The Republican National Convention was complete chaos, oozing with misogynistic remarks. There were hundreds of hateful buttons, shirts, signs, and other items with sexist slurs directed at Secretary Clinton for sale and sported by delegates. Mike Pence mentioned the “sanctity of life” and the Second Amendment in the same sentence. Melania Trump plagiarized Michelle Obama, of all people, and then the Trump camp blamed Clinton supporters for having a bad reaction to the screw-up. The audience chanted “lock her up”—her being Clinton, of course. And poor Ben Carson connected Secretary Clinton to Lucifer.
There is no doubt that the DNC will be different. Here are five things to watch for.
1. Secretary Clinton mentioning reproductive rights in her speech
Secretary Clinton has been a trailblazer in defending women’s reproductive rights. She has defended Roe v. Wade and Planned Parenthood constantly. She has advocated for women’s autonomy and she has promised to work to repeal the Helms Amendment, which prevents the U.S. from funding safe abortion services abroad. Will she use the DNC as a platform to reiterate her commitment to reproductive rights?
2. The party adopting a full repeal of the Helms Amendment into their platform
Recently, Population Connection Action Fund delivered more than 6,000 petitions signed by individuals around the country to the Democratic National Committee. The petition called on the members of the platform committee to include the repeal of Helms in the draft. At the Convention, we’ll see whether the delegates will actually approve the draft and officially commit to repealing Helms.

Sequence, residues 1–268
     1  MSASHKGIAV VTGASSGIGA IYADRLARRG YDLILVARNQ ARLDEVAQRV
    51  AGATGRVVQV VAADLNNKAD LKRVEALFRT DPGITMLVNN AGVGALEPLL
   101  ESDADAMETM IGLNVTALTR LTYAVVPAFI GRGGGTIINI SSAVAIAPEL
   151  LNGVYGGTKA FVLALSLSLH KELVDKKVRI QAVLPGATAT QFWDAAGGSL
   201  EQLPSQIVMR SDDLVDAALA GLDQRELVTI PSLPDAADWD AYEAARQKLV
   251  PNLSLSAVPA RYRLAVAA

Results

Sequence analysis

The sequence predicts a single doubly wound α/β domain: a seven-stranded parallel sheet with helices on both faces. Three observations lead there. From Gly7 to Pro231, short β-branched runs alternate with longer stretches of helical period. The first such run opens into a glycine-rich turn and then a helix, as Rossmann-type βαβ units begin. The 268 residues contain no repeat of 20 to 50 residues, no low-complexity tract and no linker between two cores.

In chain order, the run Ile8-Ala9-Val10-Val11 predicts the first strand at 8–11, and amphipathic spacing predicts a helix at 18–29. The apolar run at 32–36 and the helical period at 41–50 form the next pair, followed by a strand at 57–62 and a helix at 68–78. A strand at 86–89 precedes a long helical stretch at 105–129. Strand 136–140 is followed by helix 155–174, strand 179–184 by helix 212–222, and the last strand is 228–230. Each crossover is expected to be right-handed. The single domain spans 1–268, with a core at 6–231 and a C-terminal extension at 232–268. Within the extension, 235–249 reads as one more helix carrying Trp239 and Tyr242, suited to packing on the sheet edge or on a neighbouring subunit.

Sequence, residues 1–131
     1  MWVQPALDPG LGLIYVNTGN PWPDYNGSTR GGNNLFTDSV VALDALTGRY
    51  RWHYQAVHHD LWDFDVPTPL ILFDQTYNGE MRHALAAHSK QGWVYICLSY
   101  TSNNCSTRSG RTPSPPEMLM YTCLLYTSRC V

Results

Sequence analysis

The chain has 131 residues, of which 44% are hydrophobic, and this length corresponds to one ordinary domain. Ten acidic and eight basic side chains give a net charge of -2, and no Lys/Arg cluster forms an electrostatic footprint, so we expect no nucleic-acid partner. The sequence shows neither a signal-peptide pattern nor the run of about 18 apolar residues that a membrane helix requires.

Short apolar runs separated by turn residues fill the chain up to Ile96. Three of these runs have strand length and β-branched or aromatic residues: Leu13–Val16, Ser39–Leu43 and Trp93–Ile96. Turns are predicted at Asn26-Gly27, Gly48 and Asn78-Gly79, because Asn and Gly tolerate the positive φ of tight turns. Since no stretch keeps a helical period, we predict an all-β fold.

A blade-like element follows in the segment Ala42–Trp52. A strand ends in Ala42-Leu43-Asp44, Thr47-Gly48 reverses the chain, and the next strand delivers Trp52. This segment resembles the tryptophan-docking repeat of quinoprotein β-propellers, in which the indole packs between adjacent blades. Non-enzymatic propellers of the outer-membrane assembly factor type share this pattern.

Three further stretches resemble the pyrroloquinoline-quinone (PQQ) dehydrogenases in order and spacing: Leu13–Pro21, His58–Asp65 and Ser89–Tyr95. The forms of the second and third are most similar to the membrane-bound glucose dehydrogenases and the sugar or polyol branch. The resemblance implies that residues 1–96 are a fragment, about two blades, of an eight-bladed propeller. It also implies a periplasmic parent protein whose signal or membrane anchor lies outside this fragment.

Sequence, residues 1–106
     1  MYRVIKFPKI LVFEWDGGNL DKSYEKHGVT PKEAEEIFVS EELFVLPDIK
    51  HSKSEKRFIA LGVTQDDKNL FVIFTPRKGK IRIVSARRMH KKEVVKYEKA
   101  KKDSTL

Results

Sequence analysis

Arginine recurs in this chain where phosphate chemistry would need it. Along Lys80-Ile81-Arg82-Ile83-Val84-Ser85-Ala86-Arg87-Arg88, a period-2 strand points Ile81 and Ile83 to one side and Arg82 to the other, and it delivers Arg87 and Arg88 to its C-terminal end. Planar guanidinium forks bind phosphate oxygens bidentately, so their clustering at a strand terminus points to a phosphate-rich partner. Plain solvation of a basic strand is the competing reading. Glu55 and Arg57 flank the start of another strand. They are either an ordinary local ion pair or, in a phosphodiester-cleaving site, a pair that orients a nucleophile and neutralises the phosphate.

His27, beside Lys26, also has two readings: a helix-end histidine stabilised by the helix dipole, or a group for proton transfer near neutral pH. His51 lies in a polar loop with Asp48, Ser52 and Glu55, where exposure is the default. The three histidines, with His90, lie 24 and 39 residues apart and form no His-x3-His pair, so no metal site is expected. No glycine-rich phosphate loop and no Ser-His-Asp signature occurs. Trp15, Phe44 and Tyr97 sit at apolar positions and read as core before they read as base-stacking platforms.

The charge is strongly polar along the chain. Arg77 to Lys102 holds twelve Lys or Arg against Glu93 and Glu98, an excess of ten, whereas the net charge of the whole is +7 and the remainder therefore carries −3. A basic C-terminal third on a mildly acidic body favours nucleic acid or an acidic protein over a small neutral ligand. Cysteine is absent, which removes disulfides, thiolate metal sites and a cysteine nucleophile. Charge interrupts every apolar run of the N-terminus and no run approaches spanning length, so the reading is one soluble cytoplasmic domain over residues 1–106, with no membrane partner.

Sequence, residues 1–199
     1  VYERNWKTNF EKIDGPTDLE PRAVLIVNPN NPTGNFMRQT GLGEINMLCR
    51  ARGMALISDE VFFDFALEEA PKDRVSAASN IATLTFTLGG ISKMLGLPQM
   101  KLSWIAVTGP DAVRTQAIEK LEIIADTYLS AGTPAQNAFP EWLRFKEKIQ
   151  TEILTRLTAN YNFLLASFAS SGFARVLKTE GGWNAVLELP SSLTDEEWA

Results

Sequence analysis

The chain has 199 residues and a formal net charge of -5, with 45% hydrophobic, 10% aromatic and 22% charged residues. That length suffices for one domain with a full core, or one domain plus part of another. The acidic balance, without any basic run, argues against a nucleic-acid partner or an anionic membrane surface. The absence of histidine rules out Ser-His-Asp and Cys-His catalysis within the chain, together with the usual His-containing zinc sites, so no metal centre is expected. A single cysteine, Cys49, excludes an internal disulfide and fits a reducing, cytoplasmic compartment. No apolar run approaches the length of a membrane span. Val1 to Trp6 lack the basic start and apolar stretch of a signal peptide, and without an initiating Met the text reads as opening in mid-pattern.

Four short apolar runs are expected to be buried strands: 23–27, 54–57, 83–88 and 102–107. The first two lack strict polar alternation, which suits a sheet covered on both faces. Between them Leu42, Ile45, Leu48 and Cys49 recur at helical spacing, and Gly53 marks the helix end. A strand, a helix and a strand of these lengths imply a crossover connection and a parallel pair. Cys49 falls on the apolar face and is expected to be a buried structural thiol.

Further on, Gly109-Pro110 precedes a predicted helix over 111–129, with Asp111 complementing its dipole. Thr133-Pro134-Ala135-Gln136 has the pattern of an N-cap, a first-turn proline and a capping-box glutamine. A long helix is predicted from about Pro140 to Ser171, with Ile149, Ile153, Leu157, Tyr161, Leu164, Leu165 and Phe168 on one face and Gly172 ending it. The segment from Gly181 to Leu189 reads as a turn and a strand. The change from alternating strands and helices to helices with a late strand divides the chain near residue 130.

3. Speakers highlighting gender-based violence and sexual assault
Vice President Joe Biden has been an outspoken advocate against gender-based violence and sexual assault. He took the United State of Women Summit by the storm with his impassioned speech about the plight of women in the U.S. and around the world and their vulnerability to sexual violence. This Convention could be another opportunity for him to highlight the cause and advocate for justice for survivors of rape and gender-based violence.
4. Equal pay making it to the stage
(Courtesy of AAUW)
Secretary Clinton, Senator Elizabeth Warren, and many other DNC speakers have been outspoken advocates for ending the gender wage gap. Reports show that even today, American woman make 20% less than men for the same work(?). The contrast is even starker when it comes to women of color. For example, in twelve states, white men earn more than twice what Latina women do. In 2014, black women only made 63 cents for every dollar white men made. With the chronically devastating impact the wage gap has on the most marginalized communities, it is high time for it to be highlighted at the DNC.
5. The party adopting raising the minimum wage into their platform
(Courtesy of Creative Commons)
For the first time ever, the DNC platform includes raising the minimum wage. While that would impact all low-wage hourly workers, it would be especially important to women, as female workers are more concentrated in low paying jobs than in higher-paying occupations. Women also make up more than 70 percent of tipped workers, who have an even lower minimum wage. Raising the minimum wage will greatly help single mothers who are more likely to live in poverty. Delegates at the convention have the chance to approve the platform’s draft on minimum wage and pave the way to improving the lives of millions.